How SJIA is diagnosed
Rheumatologists can diagnose systemic juvenile idiopathic arthritis, or SJIA, using a number of methods, including identifying the key signs and symptoms.
It’s important to know that there is no special test to diagnose SJIA. Many times, a doctor will look at all the signs and symptoms your child has, and then rule out various diseases before reaching a diagnosis. This can take time and may involve many other tests, so please be patient with your child’s doctor—he or she only wants to be absolutely sure the diagnosis of SJIA is correct.
And keep in mind, your child's signs and symptoms may come and go, and they might not all happen at the same time. Your child's doctor will ultimately be able to determine whether your child has SJIA.
What SJIA can lead to
SJIA is a serious disease. Even with treatment, children may feel the negative effects of SJIA throughout their lives. Talk with your child's doctor about what can happen if SJIA is left untreated.
SJIA may continue into adulthood and cause problems later in life. Complications associated with the disease can be fatal. Your child's doctor may be able to give you more information about the treatment of SJIA and what to do if the disease progresses into adulthood.
Your child has options, but which one is the right one?
Your child may already be taking medications that aren’t approved for systemic JIA (SJIA). These may include:
- Over-the-counter nonsteroidal anti-inflammatory drugs, or NSAIDs, such as ibuprofen
- Disease modifying antirheumatic drugs, or DMARDs, such as methotrexate
Your child’s doctor may also recommend steroids or biologics. Biologics are another class of drugs being used to treat different types of arthritis and are specially designed to target the immune system. ACTEMRA is a biologic treatment, and it’s the first FDA-approved treatment for SJIA.
Important Side Effect Information | Serious infections
ACTEMRA changes the way your immune system works. This can make you more likely to get infections or make any current infection worse. Some people have serious infections while taking ACTEMRA, including tuberculosis (TB), and infections caused by bacteria, fungi, or viruses that can spread throughout the body. Some people have died from these infections. Your healthcare provider should test you for TB before starting and during treatment with ACTEMRA.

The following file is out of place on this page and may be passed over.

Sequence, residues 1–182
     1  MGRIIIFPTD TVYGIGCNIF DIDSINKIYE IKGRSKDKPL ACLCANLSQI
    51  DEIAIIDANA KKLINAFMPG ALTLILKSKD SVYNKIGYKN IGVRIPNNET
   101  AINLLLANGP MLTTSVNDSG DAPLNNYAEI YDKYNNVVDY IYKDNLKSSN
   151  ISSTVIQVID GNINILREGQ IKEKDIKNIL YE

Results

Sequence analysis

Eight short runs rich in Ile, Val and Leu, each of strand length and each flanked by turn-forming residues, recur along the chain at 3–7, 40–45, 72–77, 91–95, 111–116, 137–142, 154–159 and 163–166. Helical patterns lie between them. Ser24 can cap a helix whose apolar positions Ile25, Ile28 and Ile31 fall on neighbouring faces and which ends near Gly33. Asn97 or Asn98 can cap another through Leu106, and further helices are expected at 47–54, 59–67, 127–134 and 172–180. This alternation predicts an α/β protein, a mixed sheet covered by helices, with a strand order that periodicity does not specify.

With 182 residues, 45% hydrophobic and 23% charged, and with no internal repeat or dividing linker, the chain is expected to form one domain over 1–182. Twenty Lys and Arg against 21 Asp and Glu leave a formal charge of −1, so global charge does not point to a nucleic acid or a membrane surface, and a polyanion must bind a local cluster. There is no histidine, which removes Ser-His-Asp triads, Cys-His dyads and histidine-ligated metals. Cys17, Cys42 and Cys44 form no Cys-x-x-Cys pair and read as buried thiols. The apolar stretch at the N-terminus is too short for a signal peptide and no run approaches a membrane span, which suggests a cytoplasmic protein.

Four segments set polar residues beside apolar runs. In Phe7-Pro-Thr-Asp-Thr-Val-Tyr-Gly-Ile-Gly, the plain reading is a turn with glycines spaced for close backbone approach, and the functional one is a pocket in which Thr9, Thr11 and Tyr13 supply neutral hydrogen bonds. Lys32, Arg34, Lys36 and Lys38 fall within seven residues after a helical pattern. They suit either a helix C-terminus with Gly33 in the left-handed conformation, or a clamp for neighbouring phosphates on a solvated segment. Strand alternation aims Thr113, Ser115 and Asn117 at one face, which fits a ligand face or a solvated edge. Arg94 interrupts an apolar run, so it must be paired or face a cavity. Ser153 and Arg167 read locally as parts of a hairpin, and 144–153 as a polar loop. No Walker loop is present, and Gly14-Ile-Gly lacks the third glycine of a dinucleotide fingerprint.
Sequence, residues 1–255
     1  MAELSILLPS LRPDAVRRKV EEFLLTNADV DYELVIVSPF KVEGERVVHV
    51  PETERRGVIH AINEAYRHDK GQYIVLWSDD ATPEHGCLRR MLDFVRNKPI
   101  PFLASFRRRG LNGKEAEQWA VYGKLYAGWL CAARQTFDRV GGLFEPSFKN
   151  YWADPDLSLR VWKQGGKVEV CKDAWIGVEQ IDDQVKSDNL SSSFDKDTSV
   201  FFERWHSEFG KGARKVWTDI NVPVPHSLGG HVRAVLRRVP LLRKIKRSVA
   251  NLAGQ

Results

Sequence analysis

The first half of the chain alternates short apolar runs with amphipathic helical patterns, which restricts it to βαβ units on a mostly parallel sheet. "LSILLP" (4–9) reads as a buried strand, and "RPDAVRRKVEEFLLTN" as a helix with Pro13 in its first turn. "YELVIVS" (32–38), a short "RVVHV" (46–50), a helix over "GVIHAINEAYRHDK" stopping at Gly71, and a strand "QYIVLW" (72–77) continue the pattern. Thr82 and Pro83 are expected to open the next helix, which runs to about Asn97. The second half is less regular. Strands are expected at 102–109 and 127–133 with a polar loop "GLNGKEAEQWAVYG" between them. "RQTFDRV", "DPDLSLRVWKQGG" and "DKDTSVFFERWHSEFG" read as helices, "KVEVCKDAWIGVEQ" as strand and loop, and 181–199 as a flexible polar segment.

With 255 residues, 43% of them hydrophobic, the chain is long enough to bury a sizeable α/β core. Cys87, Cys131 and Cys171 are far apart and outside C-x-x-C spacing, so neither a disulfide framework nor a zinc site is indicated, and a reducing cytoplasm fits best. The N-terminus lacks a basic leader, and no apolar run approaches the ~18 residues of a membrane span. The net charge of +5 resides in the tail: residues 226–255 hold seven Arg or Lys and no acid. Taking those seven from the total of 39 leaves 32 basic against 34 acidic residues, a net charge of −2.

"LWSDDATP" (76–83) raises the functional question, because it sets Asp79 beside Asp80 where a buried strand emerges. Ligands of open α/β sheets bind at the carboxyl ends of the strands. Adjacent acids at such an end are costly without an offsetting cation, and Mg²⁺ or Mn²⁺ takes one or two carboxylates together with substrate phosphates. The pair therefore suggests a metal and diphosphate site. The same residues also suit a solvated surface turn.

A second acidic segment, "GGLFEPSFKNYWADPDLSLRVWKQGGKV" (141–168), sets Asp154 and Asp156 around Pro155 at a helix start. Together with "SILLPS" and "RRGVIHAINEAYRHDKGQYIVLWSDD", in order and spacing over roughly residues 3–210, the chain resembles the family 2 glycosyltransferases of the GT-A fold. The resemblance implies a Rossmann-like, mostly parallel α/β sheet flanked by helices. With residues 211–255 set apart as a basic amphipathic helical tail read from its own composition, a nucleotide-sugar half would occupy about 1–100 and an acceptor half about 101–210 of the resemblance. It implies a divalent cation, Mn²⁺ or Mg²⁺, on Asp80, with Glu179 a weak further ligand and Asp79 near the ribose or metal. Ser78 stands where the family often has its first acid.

Before starting ACTEMRA, tell your healthcare provider if you have:
- an infection, think you may have an infection, are being treated for an infection, or get a lot of infections that return. Symptoms of an infection, with or without a fever, include sweating or chills; shortness of breath; warm, red or painful skin or sores on your body; feeling very tired; muscle aches; blood in phlegm; diarrhea or stomach pain; cough; weight loss; burning when you urinate or urinating more than normal
- any of the following conditions that may give you a higher chance of getting infections: diabetes, HIV, or a weak immune system
- tuberculosis (TB), or have been in close contact with someone with TB
- live or have lived, or have traveled to certain parts of the United States where there is an increased chance of getting fungal infections. These parts include the Ohio and Mississippi River valleys and the Southwest
- hepatitis B or have had hepatitis B
Who should not take ACTEMRA?
Do not take ACTEMRA if you are allergic to tocilizumab, or any of the ingredients in ACTEMRA.
Please see Important Safety and Side Effect Information. For additional Important Safety Information, please see full Prescribing Information, including BOXED WARNING and Medication Guide.